Saturday, September 24, 2022

How To Borrow From Social Security

Don't Miss

Personal Loans For People On Disability Benefits: Bad Credit

How to Get A Payday Loan On Social Security (2018)

Personal loan approvals for people relying on disability benefits hinge on the regular government check rather than proof of employment. Lenders love the reliability baked into these publicly-funded programs!

However, requesting a small principal amount is the most critical factor.

First, individuals with low fixed incomes do not qualify to borrow vast sums of money.

Second, many disabled people have bad credit because their income barely covers basic living expenses, yet another reason to keep your request small.

Finally, SSI recipients have a resource limit of $2,000, so you do not want to over-borrow and risk your eligibility.

Personal Loans With No Social Security Number

For long, this myth has been propagated by brokers and middlemen that if you are not a resident of the U.S. and you lack an SSN, you will not be able to get a personal loan. Well, this myth has been busted. Today, even if you are an immigrant with no SSN, you can open a bank account or apply for a personal loan. All you need is an ITIN .

If you are paying federal taxes, you can apply for an ITIN. Follow these 4 steps as mentioned below:

  • Fill out the Form W7.
  • Include proof of identification as approved by the IRS.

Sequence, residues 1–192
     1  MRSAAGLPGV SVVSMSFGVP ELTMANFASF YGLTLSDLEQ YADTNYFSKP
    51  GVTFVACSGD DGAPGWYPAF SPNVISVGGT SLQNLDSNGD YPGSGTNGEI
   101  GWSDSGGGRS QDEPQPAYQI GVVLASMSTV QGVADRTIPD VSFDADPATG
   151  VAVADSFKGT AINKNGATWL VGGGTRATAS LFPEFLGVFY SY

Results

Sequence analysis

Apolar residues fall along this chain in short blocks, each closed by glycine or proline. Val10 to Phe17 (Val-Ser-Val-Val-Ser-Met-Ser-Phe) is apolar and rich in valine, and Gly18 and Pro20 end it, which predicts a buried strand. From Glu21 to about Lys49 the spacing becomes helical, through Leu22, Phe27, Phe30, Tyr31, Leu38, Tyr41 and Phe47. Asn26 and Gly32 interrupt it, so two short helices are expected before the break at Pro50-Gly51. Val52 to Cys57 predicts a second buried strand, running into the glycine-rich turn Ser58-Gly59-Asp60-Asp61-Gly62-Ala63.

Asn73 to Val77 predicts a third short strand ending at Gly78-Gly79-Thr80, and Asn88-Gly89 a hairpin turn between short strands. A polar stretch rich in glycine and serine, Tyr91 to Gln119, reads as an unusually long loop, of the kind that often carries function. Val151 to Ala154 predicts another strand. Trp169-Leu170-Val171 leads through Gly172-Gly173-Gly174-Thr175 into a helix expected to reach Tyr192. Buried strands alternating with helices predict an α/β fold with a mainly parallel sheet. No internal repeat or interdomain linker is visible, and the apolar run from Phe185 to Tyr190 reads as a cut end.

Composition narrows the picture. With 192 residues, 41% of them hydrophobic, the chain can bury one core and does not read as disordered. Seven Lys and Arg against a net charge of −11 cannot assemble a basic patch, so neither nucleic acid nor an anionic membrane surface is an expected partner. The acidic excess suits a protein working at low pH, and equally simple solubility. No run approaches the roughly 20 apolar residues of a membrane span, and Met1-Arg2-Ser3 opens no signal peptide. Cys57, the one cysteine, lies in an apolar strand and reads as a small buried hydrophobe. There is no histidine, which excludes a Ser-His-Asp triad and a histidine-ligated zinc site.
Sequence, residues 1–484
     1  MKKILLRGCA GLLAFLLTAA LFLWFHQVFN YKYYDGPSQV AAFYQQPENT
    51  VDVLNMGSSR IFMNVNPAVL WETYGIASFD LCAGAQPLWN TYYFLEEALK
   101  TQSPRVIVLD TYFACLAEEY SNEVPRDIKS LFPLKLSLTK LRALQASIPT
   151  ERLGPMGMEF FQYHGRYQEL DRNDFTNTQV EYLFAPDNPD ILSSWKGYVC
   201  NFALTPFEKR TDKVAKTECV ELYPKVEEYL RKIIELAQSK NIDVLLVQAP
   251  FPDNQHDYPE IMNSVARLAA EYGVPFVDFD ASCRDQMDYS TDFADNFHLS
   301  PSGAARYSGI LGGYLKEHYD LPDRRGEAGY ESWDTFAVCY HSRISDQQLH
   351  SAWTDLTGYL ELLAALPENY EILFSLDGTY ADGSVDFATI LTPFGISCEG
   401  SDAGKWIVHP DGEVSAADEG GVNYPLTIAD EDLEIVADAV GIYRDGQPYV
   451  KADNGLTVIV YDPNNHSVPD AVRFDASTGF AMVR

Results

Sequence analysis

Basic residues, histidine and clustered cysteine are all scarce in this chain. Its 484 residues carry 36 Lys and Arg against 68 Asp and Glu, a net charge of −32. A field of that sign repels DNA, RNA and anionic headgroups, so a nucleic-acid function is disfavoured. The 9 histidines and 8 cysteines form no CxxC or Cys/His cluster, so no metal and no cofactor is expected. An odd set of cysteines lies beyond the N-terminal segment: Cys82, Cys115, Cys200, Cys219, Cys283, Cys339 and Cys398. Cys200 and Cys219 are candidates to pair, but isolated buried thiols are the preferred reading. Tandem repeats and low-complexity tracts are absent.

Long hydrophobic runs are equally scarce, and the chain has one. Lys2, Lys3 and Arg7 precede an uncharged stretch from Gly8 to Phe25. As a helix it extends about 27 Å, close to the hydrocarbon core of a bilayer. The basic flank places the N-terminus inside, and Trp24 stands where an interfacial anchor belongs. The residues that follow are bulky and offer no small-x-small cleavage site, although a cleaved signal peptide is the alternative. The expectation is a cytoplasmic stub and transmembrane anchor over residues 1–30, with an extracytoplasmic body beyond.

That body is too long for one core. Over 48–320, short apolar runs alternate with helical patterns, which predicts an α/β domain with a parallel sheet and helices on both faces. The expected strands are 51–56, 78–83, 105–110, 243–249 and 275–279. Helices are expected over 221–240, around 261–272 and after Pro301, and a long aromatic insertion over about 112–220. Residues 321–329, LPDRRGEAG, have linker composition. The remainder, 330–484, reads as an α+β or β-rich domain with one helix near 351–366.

• File your income tax return
  • Submit everything to the IRS office.
  • This entire process takes 4 to 6 weeks to complete once you complete all the documentation.

    Where Do Social Security’s Asset Reserves Really Go

    In case you haven’t heard, America’s top social program isn’t on the best financial footing. According to the latest report from the Social Security Board of Trustees, Social Security is staring down a $13.9 trillion cash shortfall between 2035 and 2093, with the expectation that its $2.9 trillion in asset reserves will be completely exhausted in 15 years.

    On one hand, there is solace in knowing that Social Security isn’t going bankrupt, which is a function of two of the program’s revenue sources being recurring . On the other hand, there’s no sugarcoating the worry that would follow if benefit cuts of up to 23% are passed along to then-current and future retired workers, as of 2035. Remember, more than 3 out of 5 current retirees lean on Social Security for at least half of their monthly income.

    How did Social Security get into this mess, you ask? That’s a source of contentious debate, and it’s also a land mine of misinformation.

    Read Also: Can I Locate Someone By Their Social Security Number

    The Borrowing Averts Inflation Losses And Gives Social Security Billions In Interest Earnings

    In 2020, The Motley Foolâs Sean Williams argued that the funds the government is borrowing from Social Security are capital that would otherwise be losing money to inflation.

    Williams also pointed to the billions in interest that Social Security collected. In 2018, $83 billion in interest income was collected by Social Security, he wrote. If the folks who believe that Congress stole from Social Security got their way, and the federal government repaid every cent it borrowed, Social Security would have lost out on this $83 billion in interest income in 2018.